Valuing Mediterranean Wild Resources in extensive farming of Southern Alentejo

Mediterranean extensive grazing areas, often integrated in silvo-pastoral systems, are maintained through a low intensity farming system and result in highly valued systems due to their nature and landscape values. High nature value (HNV) areas where the conservation of natural resources and biodiversity is a priority in territorial management often cannot compete in the market with other production-oriented farming areas. These areas, nevertheless, present valuable endogenous resources that may be exploited in a sustainable way. That is the case of honey, medicinal and aromatic plants, mushrooms, wild berries, or other fruits adapted to these biophysical characteristics and landscape. Local recipes to use these products often also exist and pass from generation to generation.

In an effort to value the high nature value areas and this traditional know how, a collective efficiency strategy is being developed for South Alentejo, by: i) creating space for innovation and searching for high quality of products using this resources; ii) creating marketing channels, at national and international levels; iii) making information available and enabling specialized education; iv)  involving social actors at various sectors and spatial levels, from producers to local, regional and central policy, civil society organizations and to research institutions. The characteristics, success and in-success factors of this strategy are the focus of the Portuguese case-study.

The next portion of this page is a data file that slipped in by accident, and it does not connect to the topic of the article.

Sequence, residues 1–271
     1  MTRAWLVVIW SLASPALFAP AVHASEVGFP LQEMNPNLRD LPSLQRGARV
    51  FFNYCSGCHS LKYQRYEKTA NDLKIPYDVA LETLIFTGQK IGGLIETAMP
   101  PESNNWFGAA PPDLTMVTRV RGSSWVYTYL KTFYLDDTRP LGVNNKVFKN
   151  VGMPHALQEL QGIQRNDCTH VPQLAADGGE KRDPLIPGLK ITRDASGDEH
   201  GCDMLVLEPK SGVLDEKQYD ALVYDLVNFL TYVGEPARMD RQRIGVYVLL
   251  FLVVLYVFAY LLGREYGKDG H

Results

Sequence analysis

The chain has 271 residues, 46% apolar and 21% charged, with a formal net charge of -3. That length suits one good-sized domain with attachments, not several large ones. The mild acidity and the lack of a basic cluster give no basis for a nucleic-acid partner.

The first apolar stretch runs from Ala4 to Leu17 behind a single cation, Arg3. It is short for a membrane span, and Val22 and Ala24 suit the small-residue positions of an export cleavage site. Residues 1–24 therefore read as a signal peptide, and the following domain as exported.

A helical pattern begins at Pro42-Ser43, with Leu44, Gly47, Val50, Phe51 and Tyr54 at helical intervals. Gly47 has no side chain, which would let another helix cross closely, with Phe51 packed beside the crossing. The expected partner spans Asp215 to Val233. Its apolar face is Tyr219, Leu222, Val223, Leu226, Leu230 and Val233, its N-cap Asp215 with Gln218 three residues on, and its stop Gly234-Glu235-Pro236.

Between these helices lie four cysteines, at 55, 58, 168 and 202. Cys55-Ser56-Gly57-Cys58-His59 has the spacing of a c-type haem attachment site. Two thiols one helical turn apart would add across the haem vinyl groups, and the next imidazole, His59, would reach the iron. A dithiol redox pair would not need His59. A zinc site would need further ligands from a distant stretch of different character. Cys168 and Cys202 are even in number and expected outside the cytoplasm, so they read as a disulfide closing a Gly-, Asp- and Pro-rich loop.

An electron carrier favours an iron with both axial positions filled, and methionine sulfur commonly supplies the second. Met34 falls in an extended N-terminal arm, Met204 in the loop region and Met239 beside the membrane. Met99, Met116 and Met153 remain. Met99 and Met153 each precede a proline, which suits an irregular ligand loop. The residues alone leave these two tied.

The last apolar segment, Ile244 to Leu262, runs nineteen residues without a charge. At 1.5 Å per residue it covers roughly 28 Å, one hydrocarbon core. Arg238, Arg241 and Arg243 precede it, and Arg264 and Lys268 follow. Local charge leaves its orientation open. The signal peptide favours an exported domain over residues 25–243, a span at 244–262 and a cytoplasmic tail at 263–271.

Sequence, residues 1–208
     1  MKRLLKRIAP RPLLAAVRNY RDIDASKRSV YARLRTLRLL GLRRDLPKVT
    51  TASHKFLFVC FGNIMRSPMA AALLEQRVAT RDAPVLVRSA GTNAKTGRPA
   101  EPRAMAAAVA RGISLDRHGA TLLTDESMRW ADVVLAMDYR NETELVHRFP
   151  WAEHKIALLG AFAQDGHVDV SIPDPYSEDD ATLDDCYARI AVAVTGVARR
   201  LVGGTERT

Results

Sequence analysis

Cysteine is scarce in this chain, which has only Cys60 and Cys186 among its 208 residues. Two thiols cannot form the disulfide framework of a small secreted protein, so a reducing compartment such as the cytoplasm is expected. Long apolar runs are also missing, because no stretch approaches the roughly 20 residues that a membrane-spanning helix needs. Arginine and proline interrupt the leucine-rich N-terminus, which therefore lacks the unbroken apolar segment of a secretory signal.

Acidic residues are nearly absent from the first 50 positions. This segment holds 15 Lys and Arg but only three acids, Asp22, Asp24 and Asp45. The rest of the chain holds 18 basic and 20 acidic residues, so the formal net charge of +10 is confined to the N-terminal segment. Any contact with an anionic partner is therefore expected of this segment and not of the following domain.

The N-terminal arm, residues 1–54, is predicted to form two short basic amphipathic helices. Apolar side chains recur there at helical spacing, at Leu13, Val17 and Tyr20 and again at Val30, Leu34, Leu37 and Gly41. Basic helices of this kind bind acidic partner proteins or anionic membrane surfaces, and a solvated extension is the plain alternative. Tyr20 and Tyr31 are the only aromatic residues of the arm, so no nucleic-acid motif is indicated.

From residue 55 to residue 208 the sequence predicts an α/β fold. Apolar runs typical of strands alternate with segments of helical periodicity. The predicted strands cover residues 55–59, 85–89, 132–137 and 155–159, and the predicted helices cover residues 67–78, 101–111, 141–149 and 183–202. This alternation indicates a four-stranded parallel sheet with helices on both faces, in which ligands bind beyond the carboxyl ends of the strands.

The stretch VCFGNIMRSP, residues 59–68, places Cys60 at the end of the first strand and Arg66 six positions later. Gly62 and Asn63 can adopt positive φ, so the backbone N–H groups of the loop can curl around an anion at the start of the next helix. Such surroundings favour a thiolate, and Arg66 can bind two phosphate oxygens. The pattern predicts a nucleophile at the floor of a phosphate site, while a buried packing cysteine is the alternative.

Image: Mediterranean wood and brushwood in the area of Mértola. Photographs by Filipe Barroso.